Gray whale
Now that we are sinding you to The End
That great god
Tell him
That we who follow you invented forgiveness
And forgive nothing

I write as though you could understand
And I could say it
One must always pretend something
Among the dying
When you have left the seas nodding on their stalks
Empty of you
Tell him that we were made
On another day

The bewilderment will diminish like an echo
Winding along your inner mountains
Unheard by us
And find its way out
Leaving behind it the future
Dead
And ours

When you will not see again
The whale calves trying the light
Consider what you will find in the black garden
And its court
The sea cows the Great Auks the gorillas
The irreplaceable hosts ranged countless
And fore-ordaining as stars
Our sacrifices
Join your work to theirs
Tell him
That it is we who are important
Written by W S Merwin | Create an image from this poem

My Friends

 My friends without shields walk on the target

It is late the windows are breaking

My friends without shoes leave
What they love
Grief moves among them as a fire among
Its bells
My friends without clocks turn
On the dial they turn
They part

My friends with names like gloves set out
Bare handed as they have lived
And nobody knows them
It is they that lay the wreaths at the milestones it is their
Cups that are found at the wells
And are then chained up

My friends without feet sit by the wall
Nodding to the lame orchestra
Brotherhood it says on the decorations
My friend without eyes sits in the rain smiling
With a nest of salt in his hand

My friends without fathers or houses hear
Doors opening in the darkness
Whose halls announce

Behold the smoke has come home

My friends and I have in common
The present a wax bell in a wax belfry
This message telling of
Metals this
Hunger for the sake of hunger this owl in the heart
And these hands one
For asking one for applause

My friends with nothing leave it behind
In a box
My friends without keys go out from the jails it is night
They take the same road they miss
Each other they invent the same banner in the dark
They ask their way only of sentries too proud to breathe

At dawn the stars on their flag will vanish

The water will turn up their footprints and the day will rise
Like a monument to my
Friends the forgotten
Written by W S Merwin | Create an image from this poem

Do Not Die

In each world they may put us
Farther apart
Do not die
As this world is made I might
Live forever
Written by W S Merwin | Create an image from this poem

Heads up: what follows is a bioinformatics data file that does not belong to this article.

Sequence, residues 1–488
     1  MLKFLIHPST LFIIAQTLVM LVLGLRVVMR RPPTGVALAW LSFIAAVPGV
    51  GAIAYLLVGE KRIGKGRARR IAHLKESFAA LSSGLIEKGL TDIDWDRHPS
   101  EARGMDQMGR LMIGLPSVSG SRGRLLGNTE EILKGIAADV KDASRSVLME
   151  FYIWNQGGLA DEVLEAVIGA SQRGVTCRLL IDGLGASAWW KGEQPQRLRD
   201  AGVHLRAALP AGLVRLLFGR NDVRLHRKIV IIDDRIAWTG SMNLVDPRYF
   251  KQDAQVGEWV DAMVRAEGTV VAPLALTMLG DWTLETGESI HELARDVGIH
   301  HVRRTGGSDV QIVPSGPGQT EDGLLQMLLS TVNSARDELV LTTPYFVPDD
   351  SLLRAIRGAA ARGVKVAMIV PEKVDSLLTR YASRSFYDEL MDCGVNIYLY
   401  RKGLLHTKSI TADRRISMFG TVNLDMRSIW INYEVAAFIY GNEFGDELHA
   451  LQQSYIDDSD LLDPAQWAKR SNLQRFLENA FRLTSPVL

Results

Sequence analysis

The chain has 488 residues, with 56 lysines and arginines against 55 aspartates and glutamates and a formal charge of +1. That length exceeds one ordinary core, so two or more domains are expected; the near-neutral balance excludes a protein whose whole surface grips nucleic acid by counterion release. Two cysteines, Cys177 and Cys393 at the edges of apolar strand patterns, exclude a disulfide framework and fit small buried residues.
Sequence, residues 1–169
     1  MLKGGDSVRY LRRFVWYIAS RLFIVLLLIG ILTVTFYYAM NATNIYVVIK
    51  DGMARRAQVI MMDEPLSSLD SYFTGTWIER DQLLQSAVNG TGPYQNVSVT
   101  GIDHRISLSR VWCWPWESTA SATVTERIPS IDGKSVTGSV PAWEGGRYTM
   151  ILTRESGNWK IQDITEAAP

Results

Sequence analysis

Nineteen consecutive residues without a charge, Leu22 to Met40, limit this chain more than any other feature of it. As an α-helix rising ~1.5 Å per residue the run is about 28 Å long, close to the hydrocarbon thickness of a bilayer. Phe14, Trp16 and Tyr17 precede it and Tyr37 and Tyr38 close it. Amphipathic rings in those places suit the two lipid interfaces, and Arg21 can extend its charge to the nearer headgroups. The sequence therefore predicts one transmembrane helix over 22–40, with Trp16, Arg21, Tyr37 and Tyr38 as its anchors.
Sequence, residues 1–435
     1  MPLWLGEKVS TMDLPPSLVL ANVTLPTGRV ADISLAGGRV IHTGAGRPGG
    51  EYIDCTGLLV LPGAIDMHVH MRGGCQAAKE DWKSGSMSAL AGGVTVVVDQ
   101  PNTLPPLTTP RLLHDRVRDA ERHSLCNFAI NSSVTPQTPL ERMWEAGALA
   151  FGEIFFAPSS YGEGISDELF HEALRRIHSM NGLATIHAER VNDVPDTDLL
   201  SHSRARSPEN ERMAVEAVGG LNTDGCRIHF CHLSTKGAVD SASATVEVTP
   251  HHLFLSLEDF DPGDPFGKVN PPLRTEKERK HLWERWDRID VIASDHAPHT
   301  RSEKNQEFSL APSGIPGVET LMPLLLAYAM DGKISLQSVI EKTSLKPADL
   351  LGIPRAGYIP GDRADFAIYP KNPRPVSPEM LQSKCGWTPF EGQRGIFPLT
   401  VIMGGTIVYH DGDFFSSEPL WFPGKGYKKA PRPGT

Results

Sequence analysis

For the Anniversary of My Death

Every year without knowing it I have passed the day
When the last fires will wave to me
And the silence will set out
Tireless traveler
Like the beam of a lightless star
Then I will no longer
Find myself in life as in a strange garment
Surprised at the earth
And the love of one woman
And then shamelessness of men
As today writing after three days of rain
Hearing the wren sing and the falling cease
And bowing not knowing to what
Written by W S Merwin | Create an image from this poem

Son

As the shadow closed on the face once my father's
Three times learning forward far off she called
Good night in a whisper from before I was born
later through the burial a wren went on singing

then it was that I left for the coast to live
a single long mountain close to the shore
from it the sun rose and everyone there asked me
who I was I asked them who they were

at that time I found the cave under the mountain
drawings still on the walls carved fragments in the dirt
all my days I spent there groping in the floor

but some who came from nearby were wrecking the place for a game
garbage through holes overhead broken cars dead animals
in the evenings they rolled huge rocks down to smash the roof
nothing that I could do kept them from it for long

the old story the old story

and in the morning the cave full of new daylight
Written by W S Merwin | Create an image from this poem

The Falcons

There were years when I knew
the flower in the red stone walls

now in the courtyard where I have returned with you
we drink the wine of visitors
the temperature of the cellars

dusk is welling
out of the dried blood of the masonry
no hour remains on the sundial
by now the owls of the tower corners
are waking on their keepers' fists
but it is still day
out in the air
and three falcons appear there
over the courtyard

no feathers on heads or breasts
and they fly down to us
to our wrists and between them
then hover and perch just above us
keeping us in sight
waiting
they are waiting for us

this time they will come with us
when we leave the island
tonight for the rest of our lives
12